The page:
Tuesday, May 18, 2010

A ciggie laugh

I was only half paying attention but I think she was calling from the US. She called into Jon Faine's radio program to complain about increasing taxes in Australia for smokers.

I need to think about this an awful lot more but she would not concede that smoking was bad for your health yet she seemed to recognise that smokes die younger. I need to think about what follows because there could be some logic in it. I immediately thought of the movie, Thank You for Smoking. One argument in the movie by the spinner was that it was not in the tobacco company's interest for smokers to die prematurely. The company does not poison them. They want them alive and continue to consume their product.

But what the US lady was arguing was about the cost to to health care systems by smokers. She argued that smokers cost society less. They die prematurely, and therefore the cost to society is less for health care and less for pensions and other care.

There could be some logic to this. I am not sure. Dame M, a heavy smoker, died at the age of 82. Had she not smoked, perhaps she could have lived to be 100. If she had to choose, I expect she would have chosen the path she took. While she was delighted at her minions being always there, she was not really someone who would want to 'be cared for'.

Clearing decks, wait for some more brief and poor posts.

6 comments:

  1. Couple of years ago I looked at it. My conclusion at the time:

    Taxes (quite rightly) raise about $5 billion per year from smokers, and account for over 60% of the retail price. But those taxes don’t even come close to covering the $31 billion in tobacco-related costs to society.

    http://www.danielbowen.com/2008/07/25/the-worst-habit/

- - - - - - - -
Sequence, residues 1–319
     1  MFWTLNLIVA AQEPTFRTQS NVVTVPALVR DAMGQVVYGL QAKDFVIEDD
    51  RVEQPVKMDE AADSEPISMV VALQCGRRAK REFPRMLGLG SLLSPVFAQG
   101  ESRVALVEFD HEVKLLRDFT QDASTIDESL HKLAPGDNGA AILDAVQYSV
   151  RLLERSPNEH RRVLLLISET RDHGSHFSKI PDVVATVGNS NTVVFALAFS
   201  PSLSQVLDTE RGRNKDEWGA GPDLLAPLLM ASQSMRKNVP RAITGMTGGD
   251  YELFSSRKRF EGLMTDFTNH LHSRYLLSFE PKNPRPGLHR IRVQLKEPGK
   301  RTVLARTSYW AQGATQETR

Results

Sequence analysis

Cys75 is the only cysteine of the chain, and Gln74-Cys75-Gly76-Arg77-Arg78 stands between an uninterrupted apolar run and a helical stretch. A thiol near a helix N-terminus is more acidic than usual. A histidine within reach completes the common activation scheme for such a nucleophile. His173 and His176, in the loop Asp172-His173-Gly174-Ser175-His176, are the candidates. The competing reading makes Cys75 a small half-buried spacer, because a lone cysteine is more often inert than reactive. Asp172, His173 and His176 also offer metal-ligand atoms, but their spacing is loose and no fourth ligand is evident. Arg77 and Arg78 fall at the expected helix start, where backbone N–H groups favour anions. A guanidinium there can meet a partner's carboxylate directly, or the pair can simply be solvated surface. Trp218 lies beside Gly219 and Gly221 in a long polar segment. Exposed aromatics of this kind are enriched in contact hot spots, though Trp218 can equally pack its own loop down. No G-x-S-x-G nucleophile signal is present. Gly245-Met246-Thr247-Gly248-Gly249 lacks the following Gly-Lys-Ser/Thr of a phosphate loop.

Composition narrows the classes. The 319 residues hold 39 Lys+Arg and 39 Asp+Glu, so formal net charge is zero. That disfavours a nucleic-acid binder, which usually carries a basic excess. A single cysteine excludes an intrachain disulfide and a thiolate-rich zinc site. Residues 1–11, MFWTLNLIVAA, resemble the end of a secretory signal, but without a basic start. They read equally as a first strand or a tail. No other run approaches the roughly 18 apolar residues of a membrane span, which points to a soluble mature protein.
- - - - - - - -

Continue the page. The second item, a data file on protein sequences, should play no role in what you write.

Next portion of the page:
With the new tax changes, I guess the equation will change a bit, depending on how many quit as a result.

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  2. This seems to be about the line that spewed forth from Minchin a coupla weeks ago, too.

    Smoker, drinking and over-eating have a massive impost on our medical costs. Maybe we should start from both ends: tax the product more and have an impost on the cost of care for product related illnesses. Think of the number of bureaucrats to administer that!

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  3. $5 billion plus Daniel, and it doesn't cover the cost? Wow.

    Julie, at least I suppose smokers and drinkers do contribute significantly, unlike over eaters.

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  4. There were figures released with the last excise increase that said pretty much the opposite of Daniel's research. Sadly it was a radio interview overheard at work, so I couldn't tell you the source, let alone the station or date. Rather useless info really, and I'm not at all trying to indicate that Daniel is wrong.

    I always ascertained that if smoking cost the government more then it raised they wouldn't allow it. I wonder how true that is?

    In the interests of full disclosure, I smoked for 13 years, but have stopped for a month now. Yay for me I'm no longer a burden on the public health system... Honest.

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  5. Interesting Mutant. Figures, statistics and lies. Who would really know. I don't nag my mother to five up smoking. I think the cure would be worse than the disease.

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  6. I was lucky - it just never appealed to me after a drag on the school bus stop in 1968 - didn't like the taste - lucky I guess as my lungs are my achilles heel - but it always should be a matter of free will. Comes the time when laws are all made "for the common good" denying freedom of choice then I think I'll be ready for the big lift off

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